Thompson CM, Puterman AS, Linley LL, Hann M, van der Elst CW, Molteno CD, Malan AF. The value of a scoring system for hypoxic ischaemic encephalopathy in predicting neurodevelopmental outcome. Acta A numeric scoring system for the assessment of hypoxic ischaemic encephalopathy during the neonatal period was tested. The value of the score in predicting neurodevelopmental outcome at 1 y of age was assessed. Forty-five infants who developed hypoxic ischaemic encephalopathy after birth were studied prospectively. In addition to the hypoxic ischaemic encephalopathy score all but two infants had at least one cranial ultrasound examination. Thirty-five infants were evaluated at 12 months of age by full neurological examination and the Griffiths Scales of Mental Development. Five infants were assessed at an earlier stage, four who died before 6 months of age and one infant who was hospitalized at the time of the 12 month assessment. Twenty-three (58%) of the infants were normal and 17 (42%) were abnormal, 16 with cerebral palsy and one with developmental delay. The hypoxic ischaemic encephalopathy score was highly predictive for outcome. The best correlation with outcome was the peak score; a peak score of 15 or higher had a positive predictive value of 92% and a negative predictive value of 82% for abnormal outcome, with a sensitivity and specificity of 71% and 96%, respectively. For the clinician working in areas where sophisticated technology is unavailable this scoring system will be useful for assessment of infants with hypoxic ischaemic encephalopathy and for prognosis of neurodevelopmental outcome. 0 Cerebral palsy, hypoxic ischaemic encephalopathy, neurodevelopment, term infants C Thompson, Neonatal Medicine, Groote Schuur Hospital, Observatory, 7925, Cape Town, RSA
SUMMARYA robust, artiÿcial compressibility scheme has been developed for modelling laminar steady state and transient, incompressible ows over a wide range of Reynolds and Rayleigh numbers. Artiÿcial compressibility is applied in a consistant manner resulting in a system of preconditioned governing equations. A locally generalized preconditioner is introduced, designed to be robust and o er good convergence rates. Free artiÿcial compressibility parameters in the equations are automated to allow ease of use while facilitating improved or comparable convergence rates as compared with the standard artiÿcial compressibility scheme. Memory e ciency is achieved through a multistage, pseudo-timeexplicit time-marching solution procedure. A node-centred dual-cell edge-based ÿnite volume discretization technique, suitable for unstructured grids, is used due to its computational e ciency and high-resolution spatial accuracy. In the interest of computational e ciency and ease of implementation, stabilization is achieved via a scalar-valued artiÿcial dissipation scheme. Temporal accuracy is facilitated by employing a second-order accurate, dual-time-stepping method. In this part of the paper the theory and implementation details are discussed. In Part II, the scheme will be applied to a number of example problems to solve ows over a wide range of Reynolds and Rayleigh numbers.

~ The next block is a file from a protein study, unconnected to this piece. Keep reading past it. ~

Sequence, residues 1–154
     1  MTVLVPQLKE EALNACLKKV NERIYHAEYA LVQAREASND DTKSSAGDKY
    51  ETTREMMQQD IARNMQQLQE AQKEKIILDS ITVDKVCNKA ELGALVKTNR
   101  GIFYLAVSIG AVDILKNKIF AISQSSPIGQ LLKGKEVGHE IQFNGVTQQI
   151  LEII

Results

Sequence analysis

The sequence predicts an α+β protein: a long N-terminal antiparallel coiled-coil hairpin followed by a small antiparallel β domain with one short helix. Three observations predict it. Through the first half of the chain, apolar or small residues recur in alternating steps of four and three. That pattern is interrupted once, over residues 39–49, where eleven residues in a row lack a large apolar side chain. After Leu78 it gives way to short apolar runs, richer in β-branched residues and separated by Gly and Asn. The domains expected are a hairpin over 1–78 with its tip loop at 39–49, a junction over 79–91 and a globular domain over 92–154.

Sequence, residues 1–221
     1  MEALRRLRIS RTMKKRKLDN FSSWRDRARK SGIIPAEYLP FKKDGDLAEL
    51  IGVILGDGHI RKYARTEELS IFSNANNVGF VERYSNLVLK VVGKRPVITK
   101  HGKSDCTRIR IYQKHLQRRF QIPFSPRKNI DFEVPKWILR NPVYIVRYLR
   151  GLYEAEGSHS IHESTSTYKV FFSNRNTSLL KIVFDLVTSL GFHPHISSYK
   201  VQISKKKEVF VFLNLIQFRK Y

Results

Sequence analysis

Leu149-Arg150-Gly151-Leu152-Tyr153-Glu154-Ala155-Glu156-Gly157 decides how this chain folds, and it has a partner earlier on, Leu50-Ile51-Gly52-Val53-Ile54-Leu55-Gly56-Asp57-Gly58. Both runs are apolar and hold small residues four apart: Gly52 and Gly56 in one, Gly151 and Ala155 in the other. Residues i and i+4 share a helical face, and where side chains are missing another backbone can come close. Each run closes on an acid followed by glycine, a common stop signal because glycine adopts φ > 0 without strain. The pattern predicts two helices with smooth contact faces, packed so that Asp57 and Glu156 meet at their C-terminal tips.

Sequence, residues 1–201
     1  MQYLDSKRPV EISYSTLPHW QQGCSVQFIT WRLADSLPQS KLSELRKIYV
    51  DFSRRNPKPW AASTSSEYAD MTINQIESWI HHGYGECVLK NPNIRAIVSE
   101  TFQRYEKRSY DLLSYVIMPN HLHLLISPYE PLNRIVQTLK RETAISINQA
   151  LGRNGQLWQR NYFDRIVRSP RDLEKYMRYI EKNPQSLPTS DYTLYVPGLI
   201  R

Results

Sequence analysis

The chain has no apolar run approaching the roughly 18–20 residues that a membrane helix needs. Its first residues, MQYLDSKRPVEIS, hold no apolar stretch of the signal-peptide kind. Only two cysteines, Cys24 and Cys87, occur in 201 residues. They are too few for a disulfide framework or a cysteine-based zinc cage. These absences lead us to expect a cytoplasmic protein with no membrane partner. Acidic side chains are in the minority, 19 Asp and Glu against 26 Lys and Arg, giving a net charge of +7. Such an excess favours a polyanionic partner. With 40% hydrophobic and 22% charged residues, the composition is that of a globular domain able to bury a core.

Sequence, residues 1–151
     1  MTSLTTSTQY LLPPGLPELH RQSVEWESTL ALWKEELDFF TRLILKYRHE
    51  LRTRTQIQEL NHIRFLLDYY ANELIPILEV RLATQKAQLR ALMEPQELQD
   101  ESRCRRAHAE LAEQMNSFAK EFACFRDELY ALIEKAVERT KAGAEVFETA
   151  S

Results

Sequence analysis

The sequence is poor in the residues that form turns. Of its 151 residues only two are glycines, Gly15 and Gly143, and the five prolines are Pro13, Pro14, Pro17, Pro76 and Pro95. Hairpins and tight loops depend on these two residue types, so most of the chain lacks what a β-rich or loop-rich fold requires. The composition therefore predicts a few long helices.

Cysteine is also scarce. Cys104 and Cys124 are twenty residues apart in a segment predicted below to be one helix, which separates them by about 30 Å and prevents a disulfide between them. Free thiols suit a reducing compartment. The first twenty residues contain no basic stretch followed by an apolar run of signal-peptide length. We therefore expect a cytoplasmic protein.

The progress-monitoring model enables the quantification of individual hospitals' progress in the process of implementing KMC and an objective measurement of the effectiveness of different outreach strategies. The model also has potential to be adapted for measuring progress in other innovative healthcare interventions on a large scale.
SUMMARYIn Part I of this paper, a preconditioned artiÿcial compressibility scheme was developed for modelling laminar steady-state and transient, incompressible ows for a wide range of Reynolds and Rayleigh numbers. In this part, several examples of laminar incompressible problems are solved and discussed. The in uence of various AC parameters on robustness and convergence rates are assessed for a complex category of problems. It is shown that the scheme developed in Part I is an accurate, robust and easy to use method for solving incompressible laminar ow problems over a wide range of ow regimes.
Aim: To describe the development and testing of a monitoring model with quantitative indicators or progress markers that could measure the progress of individual hospitals in the implementation of kangaroo mother care (KMC). Methods: Three qualitative data sets in the larger research programme on the implementation of KMC of the MRC Research Unit for Maternal and Infant Health Care Strategies in South Africa were used to develop a progress‐monitoring model and an accompanying instrument. Results: The model was conceptualized around three phases (pre‐implementation, implementation and institutionalization) and six constructs depicting progress (awareness, adopting the concept, mobilization of resources, evidence of practice, evidence of routine and integration, sustainable practice). For each construct, indicators were developed for which data could be collected by means of the monitoring instrument used in a walk‐through visit to a hospital. The instrument has been tested in 65 hospitals.
Conclusion: The progress‐monitoring model enables the quantification of individual hospitals' progress in the process of implementing KMC and an objective measurement of the effectiveness of different outreach strategies. The model also has potential to be adapted for measuring progress in other innovative healthcare interventions on a large scale.
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